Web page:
+ inload: Infinity – Panoceanian soldier Santos Santana +


+ The Infinity range is full of spiffy models; more so now than ever. The manufacturer, Corvus Belli, have done a great job in jumping over to CAD sculpting which, while bringing its own problems, does mean that there are some beautiful fine details and a very clean appearance to their figures. I think variety's the key to enjoying my painting, so while I love hand-sculpted figures, these are a nice change – a palette cleanser, if you will. +



+ Most Infinity figures I've seen painted up have been done in a very clean, futuristic style. That doesn't really float my boat (though I admire the skill in achieving such a clean, smooth result), so I've gone for my typical grungy, low-heroic approach. This decision is in part because none of the PCRC play Infinity, so the figures will likely see more use in Inquisitorial skirmishes (using a variety of rulesets) rather than in the Infinity universe. +

+ However, I didn't want to completely cut them off from their possible use in the 'correct' universe, so I've kept the scheme realistic – or at least believable. I usually avoid trying to make things multi-purpose (as they tend to end up not fitting properly in any game), but I think that because the figures are not particularly stylised in proportions, or hugely distinctive from tabletop distance (in the same way as say an orc is), they should work well as 'grunts' for everything from near-future special ops to the oppressive vision of the forty-first millennium. +

+ Another important point to make is that I don't have a dedicated Infinity-styled set of terrain. The 'third army' is becoming more and more important to me in my enjoyment of the game, and so almost any figures I paint have to conform to the world in which they'll appear. +



+ The basing reflects this. I've got some plans bubbling under about a new urban board upon which the Iron Warriors, these chaps, and my Court of the Sun King figures will likely be used. To break up the concrete grey, I'll be using creams and some orange and gold accents on the ground, along with patches of these static grass elements. I get these from Gamer's Grass [+noospheric link embedded+], which are a great little company – good variety, the prices are cheap, and the parcels have come securely packed and promptly sent. +



+ This shot best shows the scheme – dark grey rifle furniture, muted camouflage fatigues similar to my Lamb's World army (there's a tutorial here if you'd like to know how it was done [+noospheric link embedded+]), and pinky-red armour. These are sci-fi figures after all, and I'd just been listening to a programme on the wireless about Mars. Must have got into my subconsciousness! +

+ A fairly obvious question is 'why desert camouflage for an urban table?' The answer is simply 'contrast'. Camouflage works by breaking up the silhouette and tonal contrast, making the figure harder to see. Great if you're being shot at; not so desirable in a figure for a game. There, I think it's better to suggest the idea while still making sure the figure is on display; otherwise you spend a long time painting realistic camouflage only for the figure to disappear when you play with it. Better to slightly stylise things. + 



+ It is here that it becomes clear why tone is more important to impact than hue. Look at the strap holding the sidearm on the thigh. It's a completely different colour to the underlying fabric of the fatigues, but this is not obvious because the two areas are similar in tone. This helps to get a realistic feel, and not distract from the focal point. Compare that area with the head (the focal area), which is painted with a skintone much lighter than the surrounding area. This draws the eye. Even within the face, the features (particularly the eyes) are noticeably darker in tone than the rest of the face. These small areas of high contrast are the most important part of miniature painting for impact. +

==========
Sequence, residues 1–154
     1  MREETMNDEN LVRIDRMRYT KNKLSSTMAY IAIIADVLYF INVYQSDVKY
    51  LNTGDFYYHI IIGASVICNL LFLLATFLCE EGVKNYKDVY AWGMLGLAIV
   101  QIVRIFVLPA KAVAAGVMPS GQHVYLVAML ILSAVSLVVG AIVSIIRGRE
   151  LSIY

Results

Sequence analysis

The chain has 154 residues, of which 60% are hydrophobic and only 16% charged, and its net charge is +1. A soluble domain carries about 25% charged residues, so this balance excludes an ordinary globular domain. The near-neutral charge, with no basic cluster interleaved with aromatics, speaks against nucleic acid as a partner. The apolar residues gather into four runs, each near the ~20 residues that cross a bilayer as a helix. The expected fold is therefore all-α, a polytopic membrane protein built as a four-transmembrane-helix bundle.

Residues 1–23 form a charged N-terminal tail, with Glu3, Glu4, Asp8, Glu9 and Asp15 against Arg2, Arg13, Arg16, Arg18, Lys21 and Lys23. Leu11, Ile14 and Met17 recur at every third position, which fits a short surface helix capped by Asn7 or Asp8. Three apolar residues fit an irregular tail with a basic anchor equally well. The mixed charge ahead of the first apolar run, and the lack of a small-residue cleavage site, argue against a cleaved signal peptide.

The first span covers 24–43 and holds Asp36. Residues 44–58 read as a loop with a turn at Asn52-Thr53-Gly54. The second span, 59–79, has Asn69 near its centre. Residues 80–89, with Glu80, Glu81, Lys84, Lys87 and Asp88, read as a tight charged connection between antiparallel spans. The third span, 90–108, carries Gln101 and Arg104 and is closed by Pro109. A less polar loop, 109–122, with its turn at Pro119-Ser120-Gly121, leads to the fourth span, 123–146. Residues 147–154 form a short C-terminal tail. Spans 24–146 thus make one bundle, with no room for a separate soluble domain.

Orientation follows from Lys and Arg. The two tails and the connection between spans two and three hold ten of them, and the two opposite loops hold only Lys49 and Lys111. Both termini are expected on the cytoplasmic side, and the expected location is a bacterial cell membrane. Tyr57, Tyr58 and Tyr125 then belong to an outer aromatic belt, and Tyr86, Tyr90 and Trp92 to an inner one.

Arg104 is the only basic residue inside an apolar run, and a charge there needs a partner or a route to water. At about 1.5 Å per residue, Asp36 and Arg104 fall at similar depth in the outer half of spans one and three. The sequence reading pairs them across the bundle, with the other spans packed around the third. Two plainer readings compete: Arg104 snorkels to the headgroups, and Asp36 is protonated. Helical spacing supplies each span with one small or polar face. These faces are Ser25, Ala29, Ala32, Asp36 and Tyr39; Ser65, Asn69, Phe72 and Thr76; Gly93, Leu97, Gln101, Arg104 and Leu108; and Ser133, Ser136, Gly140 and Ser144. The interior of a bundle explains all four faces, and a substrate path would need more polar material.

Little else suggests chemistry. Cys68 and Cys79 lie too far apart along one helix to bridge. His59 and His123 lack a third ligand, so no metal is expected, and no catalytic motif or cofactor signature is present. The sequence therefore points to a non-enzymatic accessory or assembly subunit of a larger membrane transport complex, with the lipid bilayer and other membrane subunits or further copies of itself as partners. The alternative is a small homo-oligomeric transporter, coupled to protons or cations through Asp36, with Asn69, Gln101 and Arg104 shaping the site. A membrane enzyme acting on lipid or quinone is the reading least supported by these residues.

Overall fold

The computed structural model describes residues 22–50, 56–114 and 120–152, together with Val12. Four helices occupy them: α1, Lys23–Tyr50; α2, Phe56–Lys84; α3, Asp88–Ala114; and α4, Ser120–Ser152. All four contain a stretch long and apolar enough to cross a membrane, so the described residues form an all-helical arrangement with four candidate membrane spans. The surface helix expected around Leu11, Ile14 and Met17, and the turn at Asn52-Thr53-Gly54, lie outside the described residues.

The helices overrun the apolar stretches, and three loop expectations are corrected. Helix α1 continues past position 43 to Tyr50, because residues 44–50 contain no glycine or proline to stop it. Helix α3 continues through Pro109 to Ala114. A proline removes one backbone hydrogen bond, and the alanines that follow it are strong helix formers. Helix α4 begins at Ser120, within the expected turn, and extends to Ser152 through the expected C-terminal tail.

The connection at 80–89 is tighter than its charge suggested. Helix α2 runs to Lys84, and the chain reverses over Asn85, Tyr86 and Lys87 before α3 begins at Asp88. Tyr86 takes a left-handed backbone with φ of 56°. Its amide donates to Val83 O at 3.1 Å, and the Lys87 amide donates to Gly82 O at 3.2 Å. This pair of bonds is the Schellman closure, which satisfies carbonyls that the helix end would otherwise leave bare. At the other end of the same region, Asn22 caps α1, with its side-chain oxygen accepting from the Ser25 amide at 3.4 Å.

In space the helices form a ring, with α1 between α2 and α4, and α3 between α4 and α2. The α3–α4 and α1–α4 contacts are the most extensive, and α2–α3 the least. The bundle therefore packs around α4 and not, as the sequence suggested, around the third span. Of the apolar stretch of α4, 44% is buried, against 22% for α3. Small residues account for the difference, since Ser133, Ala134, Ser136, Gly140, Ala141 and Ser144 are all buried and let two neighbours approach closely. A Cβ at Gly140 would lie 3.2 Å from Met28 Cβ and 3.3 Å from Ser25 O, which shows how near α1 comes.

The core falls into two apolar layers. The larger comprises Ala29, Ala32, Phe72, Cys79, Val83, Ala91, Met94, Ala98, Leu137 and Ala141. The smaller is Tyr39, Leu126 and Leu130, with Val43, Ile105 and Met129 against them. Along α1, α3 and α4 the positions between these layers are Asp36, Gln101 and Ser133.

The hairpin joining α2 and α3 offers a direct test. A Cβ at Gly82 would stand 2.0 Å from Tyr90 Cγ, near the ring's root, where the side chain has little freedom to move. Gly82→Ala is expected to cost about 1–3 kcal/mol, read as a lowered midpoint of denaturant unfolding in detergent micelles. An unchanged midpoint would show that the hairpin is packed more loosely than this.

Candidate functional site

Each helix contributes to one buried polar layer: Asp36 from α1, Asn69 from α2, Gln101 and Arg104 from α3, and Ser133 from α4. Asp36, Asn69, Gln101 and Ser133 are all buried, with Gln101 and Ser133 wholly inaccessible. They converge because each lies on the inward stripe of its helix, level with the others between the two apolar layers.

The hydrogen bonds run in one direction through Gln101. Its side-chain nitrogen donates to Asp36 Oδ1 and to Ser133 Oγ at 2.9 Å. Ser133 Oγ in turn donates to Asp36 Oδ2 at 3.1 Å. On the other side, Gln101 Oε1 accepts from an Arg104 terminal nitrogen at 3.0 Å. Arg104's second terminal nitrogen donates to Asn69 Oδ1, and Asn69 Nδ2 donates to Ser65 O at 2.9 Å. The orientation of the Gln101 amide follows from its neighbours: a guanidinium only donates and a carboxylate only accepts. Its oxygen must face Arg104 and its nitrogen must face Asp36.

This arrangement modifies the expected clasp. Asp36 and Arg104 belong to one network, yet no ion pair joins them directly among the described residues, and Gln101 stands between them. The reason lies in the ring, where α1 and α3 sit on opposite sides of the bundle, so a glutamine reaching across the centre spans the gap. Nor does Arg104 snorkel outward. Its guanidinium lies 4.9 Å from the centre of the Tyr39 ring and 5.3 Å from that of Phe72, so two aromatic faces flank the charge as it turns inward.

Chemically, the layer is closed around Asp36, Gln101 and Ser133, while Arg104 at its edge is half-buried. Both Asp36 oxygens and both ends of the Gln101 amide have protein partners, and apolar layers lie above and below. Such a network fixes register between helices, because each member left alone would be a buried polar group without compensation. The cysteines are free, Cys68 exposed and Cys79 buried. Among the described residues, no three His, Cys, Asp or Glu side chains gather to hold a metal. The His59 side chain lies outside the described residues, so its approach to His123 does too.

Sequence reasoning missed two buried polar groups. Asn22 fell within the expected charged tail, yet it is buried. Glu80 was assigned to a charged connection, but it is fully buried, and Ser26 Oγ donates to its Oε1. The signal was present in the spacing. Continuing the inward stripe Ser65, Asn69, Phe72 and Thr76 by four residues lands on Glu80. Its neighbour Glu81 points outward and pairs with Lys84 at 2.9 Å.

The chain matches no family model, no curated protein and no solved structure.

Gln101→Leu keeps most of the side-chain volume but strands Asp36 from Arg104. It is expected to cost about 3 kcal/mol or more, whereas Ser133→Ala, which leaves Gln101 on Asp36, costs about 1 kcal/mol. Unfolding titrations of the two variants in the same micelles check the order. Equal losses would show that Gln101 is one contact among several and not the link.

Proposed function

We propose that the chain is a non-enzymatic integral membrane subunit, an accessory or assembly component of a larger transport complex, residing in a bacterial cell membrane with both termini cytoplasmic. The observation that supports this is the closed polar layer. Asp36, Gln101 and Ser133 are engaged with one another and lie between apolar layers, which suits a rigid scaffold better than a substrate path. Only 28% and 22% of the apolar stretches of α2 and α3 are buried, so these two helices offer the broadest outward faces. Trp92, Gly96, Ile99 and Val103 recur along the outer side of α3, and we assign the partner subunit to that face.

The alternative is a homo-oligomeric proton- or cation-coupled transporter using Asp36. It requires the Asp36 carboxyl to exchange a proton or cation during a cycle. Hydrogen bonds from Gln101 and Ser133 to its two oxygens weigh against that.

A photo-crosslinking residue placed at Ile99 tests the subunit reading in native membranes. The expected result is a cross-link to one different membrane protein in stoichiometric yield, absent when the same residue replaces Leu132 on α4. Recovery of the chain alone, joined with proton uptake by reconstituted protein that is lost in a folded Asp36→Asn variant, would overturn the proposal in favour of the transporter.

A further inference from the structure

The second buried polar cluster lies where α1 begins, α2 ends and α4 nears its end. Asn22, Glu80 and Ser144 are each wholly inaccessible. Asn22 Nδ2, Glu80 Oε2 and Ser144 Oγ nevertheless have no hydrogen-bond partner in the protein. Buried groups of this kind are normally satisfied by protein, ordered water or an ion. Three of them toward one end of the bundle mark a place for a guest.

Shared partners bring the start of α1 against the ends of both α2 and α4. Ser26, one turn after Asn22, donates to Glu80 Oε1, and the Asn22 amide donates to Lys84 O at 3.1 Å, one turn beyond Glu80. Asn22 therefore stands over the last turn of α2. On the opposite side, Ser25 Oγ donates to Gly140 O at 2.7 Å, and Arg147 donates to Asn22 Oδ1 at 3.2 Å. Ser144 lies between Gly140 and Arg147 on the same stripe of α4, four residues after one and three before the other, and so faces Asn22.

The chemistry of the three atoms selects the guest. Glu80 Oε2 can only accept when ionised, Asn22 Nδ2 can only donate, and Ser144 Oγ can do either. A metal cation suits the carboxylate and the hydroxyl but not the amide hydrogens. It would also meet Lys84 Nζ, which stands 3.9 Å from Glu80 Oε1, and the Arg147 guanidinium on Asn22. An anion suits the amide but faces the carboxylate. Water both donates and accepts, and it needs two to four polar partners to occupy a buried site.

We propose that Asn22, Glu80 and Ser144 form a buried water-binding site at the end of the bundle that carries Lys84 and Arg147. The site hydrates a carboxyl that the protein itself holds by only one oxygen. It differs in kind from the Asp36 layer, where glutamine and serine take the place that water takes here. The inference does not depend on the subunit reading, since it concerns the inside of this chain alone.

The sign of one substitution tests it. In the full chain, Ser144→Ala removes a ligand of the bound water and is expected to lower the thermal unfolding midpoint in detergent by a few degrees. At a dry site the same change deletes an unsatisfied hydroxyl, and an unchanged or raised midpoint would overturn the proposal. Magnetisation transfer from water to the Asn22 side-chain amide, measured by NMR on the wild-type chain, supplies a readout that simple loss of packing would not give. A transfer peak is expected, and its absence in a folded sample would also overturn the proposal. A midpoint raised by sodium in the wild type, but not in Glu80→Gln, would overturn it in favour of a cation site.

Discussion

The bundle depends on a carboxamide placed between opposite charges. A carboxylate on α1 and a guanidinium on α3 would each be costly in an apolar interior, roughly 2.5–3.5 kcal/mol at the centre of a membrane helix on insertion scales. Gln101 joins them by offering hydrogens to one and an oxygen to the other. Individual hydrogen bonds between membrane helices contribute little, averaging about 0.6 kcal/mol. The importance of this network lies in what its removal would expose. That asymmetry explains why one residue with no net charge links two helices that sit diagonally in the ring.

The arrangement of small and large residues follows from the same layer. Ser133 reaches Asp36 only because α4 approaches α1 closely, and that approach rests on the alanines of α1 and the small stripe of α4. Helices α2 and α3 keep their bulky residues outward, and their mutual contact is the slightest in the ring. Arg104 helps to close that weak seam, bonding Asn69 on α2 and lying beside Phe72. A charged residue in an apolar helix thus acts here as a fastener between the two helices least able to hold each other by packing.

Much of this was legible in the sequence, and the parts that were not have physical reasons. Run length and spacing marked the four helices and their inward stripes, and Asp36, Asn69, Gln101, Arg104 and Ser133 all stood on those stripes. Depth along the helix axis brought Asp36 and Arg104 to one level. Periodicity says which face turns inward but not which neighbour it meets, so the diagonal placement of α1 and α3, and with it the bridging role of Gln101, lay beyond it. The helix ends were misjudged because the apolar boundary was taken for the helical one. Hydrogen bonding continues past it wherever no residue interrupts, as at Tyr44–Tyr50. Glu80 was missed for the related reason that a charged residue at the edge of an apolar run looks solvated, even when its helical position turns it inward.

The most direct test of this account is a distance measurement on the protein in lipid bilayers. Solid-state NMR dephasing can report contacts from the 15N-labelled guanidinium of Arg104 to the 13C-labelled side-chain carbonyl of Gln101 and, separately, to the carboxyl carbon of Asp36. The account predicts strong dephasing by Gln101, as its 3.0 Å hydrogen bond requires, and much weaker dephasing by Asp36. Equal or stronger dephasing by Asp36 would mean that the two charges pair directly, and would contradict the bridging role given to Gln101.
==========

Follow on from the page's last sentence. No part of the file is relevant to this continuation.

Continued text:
WIP – the completed figure is pictured on the left-hand side.
+ This chap has been sitting on my painting table for months and months; with only his fatigues painted, so I'm glad to have finished him off. There are some others that fit with him, so perhaps this'll spur me into finishing them, to. +

+ These realistically-proportioned figures look quite odd in comparison with the heroic-styled Games Workshop and Privateer Press figures (and your taste will dictate which style you prefer), but I think they work quite nicely with the larger marines based on Terminators. What do you reckon? +



3 comments:

  1. Great paint job, and I find this style far more appealing than the "standard anime" look you get with the official color schemes.

    Also agree that he fits nicely with the Marine, although in this case the bulk of the marine is more evident than the height, as the Infinity guy is clearly much taller than the average GW figure.

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    Replies
    1. Glad you like him; he – and his similarly tiny-featured friends – have provided some enjoyable challenges. More to come soon.

      With regards to the height of the Fusilier, he's actually not much taller than a modern GW figure (though compared with older metals like my Steel Legion, he is rather more pronoucedly larger). I think it's the more delicate frame that gives the impression. I'll see if I can get some scale pics with standard modern figures from Warmachine and 40k.

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    2. Scale pictures would be lovely... and if you can, toss the steel legionnaire in the mix too, since I happen to be painting a platoon of them (slowly).

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